Odd Threads on Milling Machine

I recently acquired a Tom Senior horizontal milling machine from a garage clearance. A previous owner took it to bits with a view to cleaning and refurbishing it. He then lost all of the bolts but assures me all of the important bits are there. The latest owner bought it in bits as a rainy day project then downsized so it had to go.

There are holes in the casting about 1/2" in size. An M12 bolt will go in about a turn then get stuck. A 1/2" UNC will go in about the same distance before binding up. A 1/2" UNF won't even start as it's clearly far too fine. I've just been and gotten some 1/2" BSW and 1/2" BSF bolts and it's not those either. There are also some holes about 3/8" in size, but again they don't seem to be M8, 3/8" UNC, 3/8" UNF, 3/8" BSW or 3/8" BSF. Oddly though, there's one pair of mounting holes that are definitely 3/8" UNC, which convinced me to try forcing UNC into one of the other holes but I had shards of metal coming out so it's definitely not all UNC. This has got me wondering if a previous owner has hit the same problem and retapped two holes he was working on only.

Are there any other oddball threads out there that might have been in use on an 1950s era British built machine before I get the impact wrench out or the mag drill and start making it all metric?
 

dave mountain

Member
Livestock Farmer
I've got a load of test bolts from the local ag dealer to take back so I'll see if he has anything BSP. He did mention that as a wildcard.

if it is then could just get some M14/M16 bolts, turn them down on a lathe then run a die down them, probably easier than trying to tap an old mill which i assume is cast?
 
You really need a thread pitch gauge to find out what pitch they are then look in thread charts to see what thread it could be.
Can you see an inch of thread or a half inch and count the peaks.
Also take a look on Lathes.co.uk http://www.lathes.co.uk/senior/index.html
And you can always ask Tony he is usually very helpful.
Just ordered a set of gauges but I'll give Tony a try on the off chance.
 

pycoed

Member
your best bet is probably to run a 12.5mm reamer in a mag drill down the holes, then an M14x1.5 machine tap in the mag drill too. 10.5mm and M12 for the smaller ones
Smack yourself on the ar$e will you! Defiling a good old British machine, fabricated with proper Christian threads, with foul foreign (French! FFS!!) rubbish. I bet you're one of those cads that paint your Bentley pink.😭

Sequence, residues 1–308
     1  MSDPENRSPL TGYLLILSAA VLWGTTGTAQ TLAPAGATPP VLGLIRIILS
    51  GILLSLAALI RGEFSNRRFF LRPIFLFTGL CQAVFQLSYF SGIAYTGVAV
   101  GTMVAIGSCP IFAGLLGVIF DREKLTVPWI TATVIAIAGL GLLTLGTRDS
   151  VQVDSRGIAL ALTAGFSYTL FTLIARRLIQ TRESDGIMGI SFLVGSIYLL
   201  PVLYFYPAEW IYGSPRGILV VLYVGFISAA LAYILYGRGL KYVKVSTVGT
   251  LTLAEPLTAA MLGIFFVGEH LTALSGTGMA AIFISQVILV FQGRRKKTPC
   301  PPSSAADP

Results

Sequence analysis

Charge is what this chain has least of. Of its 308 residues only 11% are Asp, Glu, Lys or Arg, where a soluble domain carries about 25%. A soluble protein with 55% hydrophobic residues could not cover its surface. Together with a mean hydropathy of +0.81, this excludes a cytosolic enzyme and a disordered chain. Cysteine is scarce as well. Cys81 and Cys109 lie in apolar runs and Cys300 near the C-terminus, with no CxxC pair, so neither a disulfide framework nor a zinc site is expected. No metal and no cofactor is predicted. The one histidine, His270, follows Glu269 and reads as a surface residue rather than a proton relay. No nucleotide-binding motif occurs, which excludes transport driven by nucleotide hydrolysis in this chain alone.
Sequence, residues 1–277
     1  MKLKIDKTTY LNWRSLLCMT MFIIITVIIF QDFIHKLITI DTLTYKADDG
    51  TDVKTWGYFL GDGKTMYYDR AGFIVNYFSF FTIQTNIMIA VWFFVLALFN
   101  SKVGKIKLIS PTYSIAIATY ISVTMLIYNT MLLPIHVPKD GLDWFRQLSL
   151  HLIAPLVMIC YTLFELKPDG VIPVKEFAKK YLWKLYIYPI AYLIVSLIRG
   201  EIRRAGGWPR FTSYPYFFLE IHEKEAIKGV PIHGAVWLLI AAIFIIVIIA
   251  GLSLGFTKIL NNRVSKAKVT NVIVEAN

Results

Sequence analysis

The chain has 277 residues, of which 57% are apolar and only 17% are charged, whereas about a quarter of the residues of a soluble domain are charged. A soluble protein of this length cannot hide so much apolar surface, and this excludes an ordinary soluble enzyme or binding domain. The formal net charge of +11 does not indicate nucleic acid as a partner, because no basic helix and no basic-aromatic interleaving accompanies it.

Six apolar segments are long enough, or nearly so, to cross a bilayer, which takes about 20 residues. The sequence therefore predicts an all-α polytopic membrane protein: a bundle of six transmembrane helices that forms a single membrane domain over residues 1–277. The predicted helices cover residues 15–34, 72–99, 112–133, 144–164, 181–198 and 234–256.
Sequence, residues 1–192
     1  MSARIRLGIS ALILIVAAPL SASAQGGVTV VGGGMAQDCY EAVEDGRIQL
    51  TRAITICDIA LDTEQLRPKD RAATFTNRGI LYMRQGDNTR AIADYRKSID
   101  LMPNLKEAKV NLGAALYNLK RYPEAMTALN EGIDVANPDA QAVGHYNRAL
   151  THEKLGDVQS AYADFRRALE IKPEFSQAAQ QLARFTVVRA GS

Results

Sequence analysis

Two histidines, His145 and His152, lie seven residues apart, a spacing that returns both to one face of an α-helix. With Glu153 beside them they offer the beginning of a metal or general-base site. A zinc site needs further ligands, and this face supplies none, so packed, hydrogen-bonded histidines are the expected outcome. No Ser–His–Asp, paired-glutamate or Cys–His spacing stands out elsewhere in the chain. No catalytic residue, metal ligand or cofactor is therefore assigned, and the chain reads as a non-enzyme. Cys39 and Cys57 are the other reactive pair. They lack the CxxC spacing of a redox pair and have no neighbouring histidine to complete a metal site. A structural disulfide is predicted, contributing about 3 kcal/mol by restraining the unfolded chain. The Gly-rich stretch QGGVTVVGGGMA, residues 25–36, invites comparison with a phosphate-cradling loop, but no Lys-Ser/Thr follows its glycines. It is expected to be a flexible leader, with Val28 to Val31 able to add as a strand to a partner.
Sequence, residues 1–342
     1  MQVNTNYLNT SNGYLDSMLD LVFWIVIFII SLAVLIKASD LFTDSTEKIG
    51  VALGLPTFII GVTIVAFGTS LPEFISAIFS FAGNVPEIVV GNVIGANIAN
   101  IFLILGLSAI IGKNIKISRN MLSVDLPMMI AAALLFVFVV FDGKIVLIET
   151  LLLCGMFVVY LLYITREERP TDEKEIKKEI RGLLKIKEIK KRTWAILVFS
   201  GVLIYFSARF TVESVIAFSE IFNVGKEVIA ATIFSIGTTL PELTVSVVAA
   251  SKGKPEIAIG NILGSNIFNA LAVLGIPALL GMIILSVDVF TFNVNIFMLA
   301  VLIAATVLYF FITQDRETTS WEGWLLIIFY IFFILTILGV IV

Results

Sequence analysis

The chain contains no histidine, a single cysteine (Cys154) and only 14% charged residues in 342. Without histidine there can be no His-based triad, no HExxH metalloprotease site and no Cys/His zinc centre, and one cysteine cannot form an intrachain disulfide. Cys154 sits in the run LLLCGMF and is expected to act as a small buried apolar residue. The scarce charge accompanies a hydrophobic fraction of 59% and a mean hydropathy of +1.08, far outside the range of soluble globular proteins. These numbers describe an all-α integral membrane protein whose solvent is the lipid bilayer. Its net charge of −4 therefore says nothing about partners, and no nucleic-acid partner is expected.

tomlad

Member
Location
nr. preston
Now wen im try to recon what a thread is i go between the od , thread pitch gauge, metric and tuther and google .
Another reason why i spent a bit more on my digital caliper with mm , imp , and fractions
Id personally be very reluctant to start rethreading
My local bolt shop ,AT engineering are very helpful and knowledgeable, presuming u get the right lad :rolleyes: 👌
 
You really need a thread pitch gauge to find out what pitch they are then look in thread charts to see what thread it could be.
Can you see an inch of thread or a half inch and count the peaks.
Also take a look on Lathes.co.uk http://www.lathes.co.uk/senior/index.html
And you can always ask Tony he is usually very helpful.
Tony got back to me very quickly and said he'd never come across one that wasn't BSW or BSF. Going to go back to the ag dealer and ask him if he's absolutely certain those bolts he gave me were BSW. I'm a child of the metric era so I wouldn't know any better :ROFLMAO:
 

MF-ANDY

Member
Location
s.e cambs
Tony got back to me very quickly and said he'd never come across one that wasn't BSW or BSF. Going to go back to the ag dealer and ask him if he's absolutely certain those bolts he gave me were BSW. I'm a child of the metric era so I wouldn't know any better :ROFLMAO:
1/2 bsw and unc are similar but one us 12tpi the other is 13tpi so maybe the bolts you have aren't bsw. Cant see a manufacturer using anything but standard threads
 

Netherfield

Member
Location
West Yorkshire
He was pretty adamant given that one lot had a different shaped head from the other but I'll ask him to double check.
Your UNC should have like ring depression in the head of the bolt and a slight chamfer on the edges as below shows, whereas your BSW should be dead flat across the top.

Mind we moved on to metric since then so maybe they don't bother with such things now.

And at one time some UNC and UNF nuts used to have a band of circles running up the side of one of the flats.

1640082949005.png
 

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HSENI names new farm safety champions

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Written by William Kellett from Agriland

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The Health and Safety Executive for Northern Ireland (HSENI) alongside the Farm Safety Partnership (FSP), has named new farm safety champions and commended the outstanding work on farm safety that has been carried out in the farming community in the last 20 years.

Two of these champions are Malcom Downey, retired principal inspector for the Agri/Food team in HSENI and Harry Sinclair, current chair of the Farm Safety Partnership and former president of the Ulster Farmers’ Union (UFU).

Improving farm safety is the key aim of HSENI’s and the FSP’s work and...
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